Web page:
These two statements are unfair and unkind because he has not been faithful to the truth nor has he been consistent with his position of disclosure of potential pastors. First, the truth is that there are a great number of churches that are Calvinistic in their theology, and the controversy comes from unsubstantiated statements he and others have been making. It appears that he might have been a faithful reader of BaptistFire and their infamous “Crept in Unawares” article. In one breath he says that he has a five-point Calvinist on staff in his church, and the next breath he argues that such Calvinists are splitting churches and causing serious controversy. Moreover, he is calling for honesty from “closet Calvinists” and for integrity through disclosure. This admonition must cut both ways. If we are going to call for disclosure, then let’s expect that from all pastors with all their theological and doctrinal positions. Let’s put all the biblical support these positions, the Baptist confessions, and Baptist history on the table. When the biblical, historical, and theological arguments are held, these search committees I believe would much rather have a Calvinistic pastor than the alternative.

Do you want a pastor who does not believe God is sovereign in salvation? Who does not believe in a Trinitarian salvation? Who espouses freewill theism unsupported in Scripture? Who practices a functional belief in decisional regeneration where conversion is self-determined, and that accomplished by man? Who does not take into account the whole counsel of God’s Word and skips over passages such as Ephesians 1, Romans 9, and John 6?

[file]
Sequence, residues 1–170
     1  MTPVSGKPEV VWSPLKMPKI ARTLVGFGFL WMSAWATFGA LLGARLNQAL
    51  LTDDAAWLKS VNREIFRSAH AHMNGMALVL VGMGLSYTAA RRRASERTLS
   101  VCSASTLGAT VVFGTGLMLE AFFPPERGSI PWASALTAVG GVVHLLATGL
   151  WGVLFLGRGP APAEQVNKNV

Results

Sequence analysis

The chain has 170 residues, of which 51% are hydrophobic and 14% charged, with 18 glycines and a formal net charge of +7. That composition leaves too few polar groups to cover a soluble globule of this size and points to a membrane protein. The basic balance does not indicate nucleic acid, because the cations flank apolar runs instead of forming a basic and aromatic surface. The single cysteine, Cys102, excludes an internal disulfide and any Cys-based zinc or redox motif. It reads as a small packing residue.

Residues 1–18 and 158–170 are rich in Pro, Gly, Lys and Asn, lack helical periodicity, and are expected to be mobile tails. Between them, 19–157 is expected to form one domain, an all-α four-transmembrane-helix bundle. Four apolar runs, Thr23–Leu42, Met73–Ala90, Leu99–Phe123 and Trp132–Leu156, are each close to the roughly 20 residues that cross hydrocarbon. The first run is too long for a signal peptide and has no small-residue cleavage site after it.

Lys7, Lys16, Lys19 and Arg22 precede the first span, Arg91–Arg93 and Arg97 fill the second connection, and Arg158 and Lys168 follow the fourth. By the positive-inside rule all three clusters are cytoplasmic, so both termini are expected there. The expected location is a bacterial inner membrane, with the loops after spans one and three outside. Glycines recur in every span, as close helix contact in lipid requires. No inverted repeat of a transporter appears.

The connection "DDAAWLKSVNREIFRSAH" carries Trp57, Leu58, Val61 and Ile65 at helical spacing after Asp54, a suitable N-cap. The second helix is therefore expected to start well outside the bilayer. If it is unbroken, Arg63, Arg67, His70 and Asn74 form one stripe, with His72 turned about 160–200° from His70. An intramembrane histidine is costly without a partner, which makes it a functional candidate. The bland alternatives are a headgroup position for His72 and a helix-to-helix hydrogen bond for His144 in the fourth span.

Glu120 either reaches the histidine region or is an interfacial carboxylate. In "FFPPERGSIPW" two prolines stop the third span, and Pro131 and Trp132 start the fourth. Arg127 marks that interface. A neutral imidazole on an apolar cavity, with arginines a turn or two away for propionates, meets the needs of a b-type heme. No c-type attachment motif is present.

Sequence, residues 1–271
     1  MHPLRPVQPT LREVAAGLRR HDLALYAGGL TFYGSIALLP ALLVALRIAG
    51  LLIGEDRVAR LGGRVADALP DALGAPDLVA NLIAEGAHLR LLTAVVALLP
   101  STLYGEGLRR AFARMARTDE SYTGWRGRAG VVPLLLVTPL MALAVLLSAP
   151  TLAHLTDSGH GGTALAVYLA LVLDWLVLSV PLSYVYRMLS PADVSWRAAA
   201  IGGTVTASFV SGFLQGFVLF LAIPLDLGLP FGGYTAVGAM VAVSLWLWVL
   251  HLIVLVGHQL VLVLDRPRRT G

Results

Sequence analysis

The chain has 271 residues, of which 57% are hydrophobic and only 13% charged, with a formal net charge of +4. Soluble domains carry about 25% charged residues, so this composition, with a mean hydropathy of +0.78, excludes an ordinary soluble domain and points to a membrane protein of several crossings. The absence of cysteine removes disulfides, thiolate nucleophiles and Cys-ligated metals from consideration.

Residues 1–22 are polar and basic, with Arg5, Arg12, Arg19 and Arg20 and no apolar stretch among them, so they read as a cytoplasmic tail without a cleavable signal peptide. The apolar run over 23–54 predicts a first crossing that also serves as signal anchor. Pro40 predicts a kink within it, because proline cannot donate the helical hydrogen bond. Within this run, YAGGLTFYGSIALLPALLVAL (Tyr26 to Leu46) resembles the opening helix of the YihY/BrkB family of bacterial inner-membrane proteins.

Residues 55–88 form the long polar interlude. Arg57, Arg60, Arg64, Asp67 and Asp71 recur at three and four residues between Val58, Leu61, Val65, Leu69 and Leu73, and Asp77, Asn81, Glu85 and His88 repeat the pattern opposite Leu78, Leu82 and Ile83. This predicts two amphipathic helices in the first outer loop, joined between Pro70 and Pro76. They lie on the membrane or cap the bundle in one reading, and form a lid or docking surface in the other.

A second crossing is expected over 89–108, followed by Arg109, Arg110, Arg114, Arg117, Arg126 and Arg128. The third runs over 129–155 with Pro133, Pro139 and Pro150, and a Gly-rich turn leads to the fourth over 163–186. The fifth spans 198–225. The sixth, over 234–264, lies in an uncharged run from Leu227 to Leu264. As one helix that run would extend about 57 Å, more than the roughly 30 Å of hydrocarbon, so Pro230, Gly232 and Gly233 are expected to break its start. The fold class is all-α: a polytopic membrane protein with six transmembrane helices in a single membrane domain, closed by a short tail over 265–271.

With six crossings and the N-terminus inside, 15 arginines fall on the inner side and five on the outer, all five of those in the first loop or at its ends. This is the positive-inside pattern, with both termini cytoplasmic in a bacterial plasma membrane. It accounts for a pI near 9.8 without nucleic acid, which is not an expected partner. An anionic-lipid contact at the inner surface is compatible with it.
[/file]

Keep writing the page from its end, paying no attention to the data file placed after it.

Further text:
Frank Page has exemplified total inconsistency in his treatment of Calvinists in the SBC. He is said to work with any who have a kind spirit and evangelistic heart. I agree wholeheartedly. But he has not been very kind to Calvinists. Furthermore, such attributes should be consistent not only with Calvinists but any Christian for that matter, and I don’t know of any Calvinist who does not desire to have a kind spirit or exhibit a life where the gospel is exhibited in its proclamation and demonstration. My appeal is for those in the SBC who are attempting to remove pastors who believe in Reformed theology to be consistent and kind with your critique. The argument for integrity and disclosure is hypocritical to those who trumpet such a call but refuse to disclose themselves. And this includes Mr. Frank Page. If the SBC is big enough for all conservative Christians with a "kind spirit, evangelistic heart, and deep belief in the integrity of God's Word," then it is not necessary to write such a polemical, divisive book and vacillate on cooperation with those with whom you disagree.


Blogger Alex F said...

I hear what you're saying, Timmy. But let's be careful here. It may well be the case that Page has modified his position and his stance on these issues since he published his book a few years ago. (Well, not on these issues but at least in his approach to those who are Reformed... you know what I mean).

5/31/2006 10:01:00 PM

Blogger Timmy said...

I have heard that Page has modified or mollified his position on Calvinism, but at this point he has made no public statement verifying such. Contrariwise, he has quoted himself twice from his book in two separate interviews (one with Satan limiting atonement, and two, on "closet Calvinists"). At this point, it looks like he has his talking points from his book and not distancing himself from it. I think the fact that he has not done so when he has had several opportunities says something - don't you think?

5/31/2006 10:10:00 PM

Blogger Alex F said...

You may be right. I don't keep up with these things as much as you do, so I'll defer to you on that.

6/01/2006 04:30:00 PM